growing cacao in Hawaii

Doreen Pendgracs

Known throughout the Web as the "Wizard of Words", I've been a freelance writer since 1993. I'm currently researching and writing volume II of "Chocolatour: A Quest for the World's Best Chocolate". Volume I was published in September, 2013.

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43 Responses

  1. Cheryl
    Twitter:
    says:

    Same plant. Grown in different locations. Each with its own set of issues. Wrapped in plastic and covered in light. Who would have guessed?
    Cheryl recently posted…Black #Cohosh: Cimicifuga racemosaMy Profile

  2. Donna Janke says:

    It must have been quite interesting to see the cacao fields in Hawaii and hear about the challenges faced with growing the crop there. Chocolate lovers are often unaware of all that is involved in creating our treats. I hope things go well with the growing in Hawaii.

    • Doreen
      Twitter:
      says:

      Thx for your comment, Donna. Yes, I really find it quite fascinating to see how the cocoa grows in the different countries I have visited, and to see how chocolate makers work with the beans & prepare their chocolate in each country as well. It’s all different, and makes the end product unique from place to place. Glad to share all this info, and much more in-depth coverage will be found in Volume II of Chocolatour. Stay tuned!
      Doreen recently posted…how to deliver an award-winning speechMy Profile

  3. I’ve never seen cacao pods before. This was a really interesting article, especially the part about why chocolate and coffee go so well together! Glad to hear we’re working on growing cocoa domestically.
    Meredith Wouters recently posted…Spring Leaf PaletteMy Profile

  4. Seems like chocolate offers so many opportunities for learning about different places and cultures!
    Irene S. Levine recently posted…Silk Brasserie: Contemporary and casual dining in LyonMy Profile

    • Doreen
      Twitter:
      says:

      Indeed, Irene! I had no idea when I began researching chocolate 5 years ago that this would become my life project! But believe me … I am LOVING it! And I really enjoy sharing the info with you all. Can’t wait to do our 1st group chocolatour. I love the excitement in the room when I do a chocolate talk, but taking it on the road with a group of chocolate-loving women will be a dream-come-true!
      Doreen recently posted…growing cacao in HawaiiMy Profile

  5. Viv says:

    This is fascinating! Added to our travel list – gotta love being able to combine chocolate and Hawaii in one trip.
    Viv recently posted…Travel Hawaii: Mucking About on MolokaiMy Profile

  6. How very interesting to learn about the problems of growing these plants. I’m curious to know if these rose beetles are native or somehow were transplanted from another country.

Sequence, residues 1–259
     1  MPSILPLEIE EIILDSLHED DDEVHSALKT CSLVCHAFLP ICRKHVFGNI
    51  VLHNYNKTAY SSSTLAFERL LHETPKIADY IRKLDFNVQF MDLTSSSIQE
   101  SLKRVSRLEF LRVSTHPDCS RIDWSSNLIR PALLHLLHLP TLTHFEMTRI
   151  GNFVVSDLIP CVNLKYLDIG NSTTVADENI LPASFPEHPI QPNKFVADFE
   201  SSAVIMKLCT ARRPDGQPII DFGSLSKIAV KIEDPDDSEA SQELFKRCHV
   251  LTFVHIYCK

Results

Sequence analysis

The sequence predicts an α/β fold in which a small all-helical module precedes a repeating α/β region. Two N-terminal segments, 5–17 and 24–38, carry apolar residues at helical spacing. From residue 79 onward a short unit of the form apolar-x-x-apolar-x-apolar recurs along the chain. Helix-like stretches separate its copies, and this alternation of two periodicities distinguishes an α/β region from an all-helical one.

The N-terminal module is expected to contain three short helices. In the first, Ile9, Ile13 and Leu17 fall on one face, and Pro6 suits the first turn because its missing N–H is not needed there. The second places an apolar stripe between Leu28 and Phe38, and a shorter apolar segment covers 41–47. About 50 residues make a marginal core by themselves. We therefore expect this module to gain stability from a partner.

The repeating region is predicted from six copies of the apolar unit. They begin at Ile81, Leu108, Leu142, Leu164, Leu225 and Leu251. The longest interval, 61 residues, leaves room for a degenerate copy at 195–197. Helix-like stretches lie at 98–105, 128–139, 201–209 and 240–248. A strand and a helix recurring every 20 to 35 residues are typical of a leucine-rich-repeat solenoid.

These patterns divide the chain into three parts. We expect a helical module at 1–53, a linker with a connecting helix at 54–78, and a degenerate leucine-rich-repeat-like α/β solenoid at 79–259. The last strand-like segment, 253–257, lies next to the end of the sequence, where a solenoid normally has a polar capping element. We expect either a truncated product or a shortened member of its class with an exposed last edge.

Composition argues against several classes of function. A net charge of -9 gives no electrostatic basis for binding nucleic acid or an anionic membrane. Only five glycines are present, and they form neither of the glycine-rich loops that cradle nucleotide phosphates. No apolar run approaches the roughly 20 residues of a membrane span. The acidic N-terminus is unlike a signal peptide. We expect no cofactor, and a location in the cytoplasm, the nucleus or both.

Neva recently posted…A Mother’s Undying Love Lives OnMy Profile

  7. I didn’t know they grew chocolate in Hawaii- coffee yes, so I guess it makes sense. Would love to visit one of the sites where it’s grown.
    santafetraveler recently posted…Mother’s Day 2014: Ode to my momMy Profile

    • Doreen
      Twitter:
      says:

      Hi Billie: I wish chocolate did grown on trees! Alas, there is quite a process involved in transforming the raw cacao beans into cocoa mass and cocoa butter, which then go thru even more processing to become chocolate!

      Yes, it’s really cool that coffee and cacao often grow in close proximity. You’ll find that to be the case in many regions including Peru, Costa Rica, Mexico, and Hawaii.
      Doreen recently posted…the impact of colour in our livesMy Profile

  8. noel says:

    Yes I’ve heard that coffee and cacao are nice companion plants and can grow well in rows along with shading the cacao from the hot sun
    noel recently posted…San Francisco Cherry blossom parade, Travel Photo Discovery #43My Profile

  9. Patti says:

    Growing cocoa 101 – a great little lesson! I’ve always been amazed that something so yucky inside can produce such wonderful goodness!
    Patti recently posted…When Mother’s Day Rolls Around ~My Profile

  10. Michelle says:

    I learned a lot from your post. I had no idea how cocoa was grown, but will hope and pray the beetles stay away. Not sure what I’d do without chocolate :)

  11. Your research and dedication to chocolate is our gain. Keep it up!

  12. Yum! I’m going to Kauai next week. Hope I get to taste some native chocolate!
    Carole Terwilliger Meyers recently posted…Travel Articles: Living History Museums, VirginiaMy Profile

  13. How interesting! I learned a lot from your article.

  14. alison says:

    Doreen-what a tough job you’ve got researching for your book!! We have a terrific company here in Boston -Taza- that gives tours. My daughter and I went last year and were amazed at the process. The method they use is from Mexico and it’s a very rustic stone ground chocolate. Different and delicious! Great information.
    alison recently posted…Lunedi Senza Carne- Italian StyleMy Profile